This book pairs the poetry of Ntozake Shange, an acclaimed African-American playwright and poet, with the collages of African-American artist Romare Bearden, in an ode to music. I am abashed to say that I knew almost nothing about Ms. Shange until I wikied her mere moments ago. But I did know Romare Bearden before I picked up the book, through pieces seen in various galleries. I bought this book at a second-hand store for less money than it must possibly be worth. Every page is a Bearden collage in splendiferous colour (what book is that word from?). I’m sure that any book sold in a gallery with his paintings in it would be three times the cost, and they wouldn’t include Shange’s poem.
I like Bearden (and I am not a lover of modern art), so already, the book is a steal. But it was Shange’s poem that grabbed me by the gut and had me digging in my lint-lined pockets for the money to buy this book. I was a music-geek from grade 1 all the way to university – my sisters and I spent one month out of two at music day-camp and, if we were lucky and my parents had the cash, two weeks a summer at sleepover camp. We played music every day from right after breakfast until just before dinner, with “small group practice” in between orchestra and band, and we never got bored. Then I went to university, ran out of money and skill, and one day found myself in a bookstore reading this book and remembering, and asking myself: how did she know what it’s like to live in music? How did she get it down so right?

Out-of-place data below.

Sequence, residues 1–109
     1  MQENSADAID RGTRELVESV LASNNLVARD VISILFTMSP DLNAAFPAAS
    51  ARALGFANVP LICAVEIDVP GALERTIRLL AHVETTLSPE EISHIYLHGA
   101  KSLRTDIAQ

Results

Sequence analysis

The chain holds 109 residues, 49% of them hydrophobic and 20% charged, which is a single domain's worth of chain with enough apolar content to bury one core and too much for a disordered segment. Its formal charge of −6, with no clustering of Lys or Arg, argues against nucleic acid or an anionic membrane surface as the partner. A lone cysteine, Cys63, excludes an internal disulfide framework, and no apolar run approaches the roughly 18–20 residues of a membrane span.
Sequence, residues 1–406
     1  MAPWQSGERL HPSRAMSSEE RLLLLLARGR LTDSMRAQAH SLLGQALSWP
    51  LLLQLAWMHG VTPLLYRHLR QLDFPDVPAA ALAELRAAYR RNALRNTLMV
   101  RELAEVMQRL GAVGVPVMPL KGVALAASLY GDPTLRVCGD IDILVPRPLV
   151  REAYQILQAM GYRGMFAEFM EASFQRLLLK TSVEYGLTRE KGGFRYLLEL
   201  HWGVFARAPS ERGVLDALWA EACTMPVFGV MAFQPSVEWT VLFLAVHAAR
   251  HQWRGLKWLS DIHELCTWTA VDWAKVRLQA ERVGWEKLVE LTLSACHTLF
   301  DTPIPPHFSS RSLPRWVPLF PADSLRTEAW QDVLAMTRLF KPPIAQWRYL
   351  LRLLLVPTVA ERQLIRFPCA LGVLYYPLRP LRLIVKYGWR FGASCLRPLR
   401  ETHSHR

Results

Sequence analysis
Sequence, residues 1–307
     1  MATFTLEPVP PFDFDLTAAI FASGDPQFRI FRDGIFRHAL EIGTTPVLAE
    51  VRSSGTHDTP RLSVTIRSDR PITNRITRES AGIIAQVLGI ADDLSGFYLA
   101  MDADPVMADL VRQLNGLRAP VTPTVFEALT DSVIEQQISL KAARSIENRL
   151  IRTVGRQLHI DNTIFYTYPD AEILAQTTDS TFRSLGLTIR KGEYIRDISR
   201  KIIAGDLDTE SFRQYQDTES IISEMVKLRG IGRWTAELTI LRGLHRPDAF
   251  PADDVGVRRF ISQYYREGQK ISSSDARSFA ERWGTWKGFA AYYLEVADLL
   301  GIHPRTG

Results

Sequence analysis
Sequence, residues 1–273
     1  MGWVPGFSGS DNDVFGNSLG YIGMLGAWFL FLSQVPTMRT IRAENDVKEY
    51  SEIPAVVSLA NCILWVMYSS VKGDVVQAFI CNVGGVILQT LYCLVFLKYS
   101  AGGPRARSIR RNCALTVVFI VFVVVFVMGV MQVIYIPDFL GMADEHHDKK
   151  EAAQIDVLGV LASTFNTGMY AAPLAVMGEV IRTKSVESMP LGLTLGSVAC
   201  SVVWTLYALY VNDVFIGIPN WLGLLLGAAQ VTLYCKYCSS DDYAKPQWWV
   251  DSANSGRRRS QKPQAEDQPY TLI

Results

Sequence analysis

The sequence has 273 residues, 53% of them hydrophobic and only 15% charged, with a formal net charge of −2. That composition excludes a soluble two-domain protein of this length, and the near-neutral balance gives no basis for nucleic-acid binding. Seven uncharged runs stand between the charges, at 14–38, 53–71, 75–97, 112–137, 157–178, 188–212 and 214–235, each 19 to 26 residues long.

Shange uses unconventional spelling in her poem – it gets across the way the poem should sound. So you could ask – should children be told that it is okay to spell poorly if you are a published poet? Is this the kind of message we should be sending to the post-MSN/fb/twitter/txt generation? (I can only imagine how their spelling will be – although maybe there will be a backlash and by the time the infants of the 2010s are in their teens, spelling bees and thesauruses will be cool. One can only hope). Where was I? Oh yes – I say “yes”. There is no time like the present to show children that art doesn’t have boundaries (even if spelling does).
This book is a must-have for music-lovers and art-lovers…and their parents will love it, too. When you close the book you feel like dancing and playing a tune, you feel like creating something meaningful and beautiful. And what is better than a book full of inspiration?
Additional notes: For people, like me, who are a part of a “visible minority” group, any book about people of colour is a big plus. So I thought I would note that the colour tones in this book are mostly blues, browns, yellows, blacks, reds, greens. There is very little pink, eggshell, or ecru.
Reading Age: Pre-school to 99.
i got 15 trumpets where other women got hips/ & a upright bass for both sides of my heart
Rating: a solid A.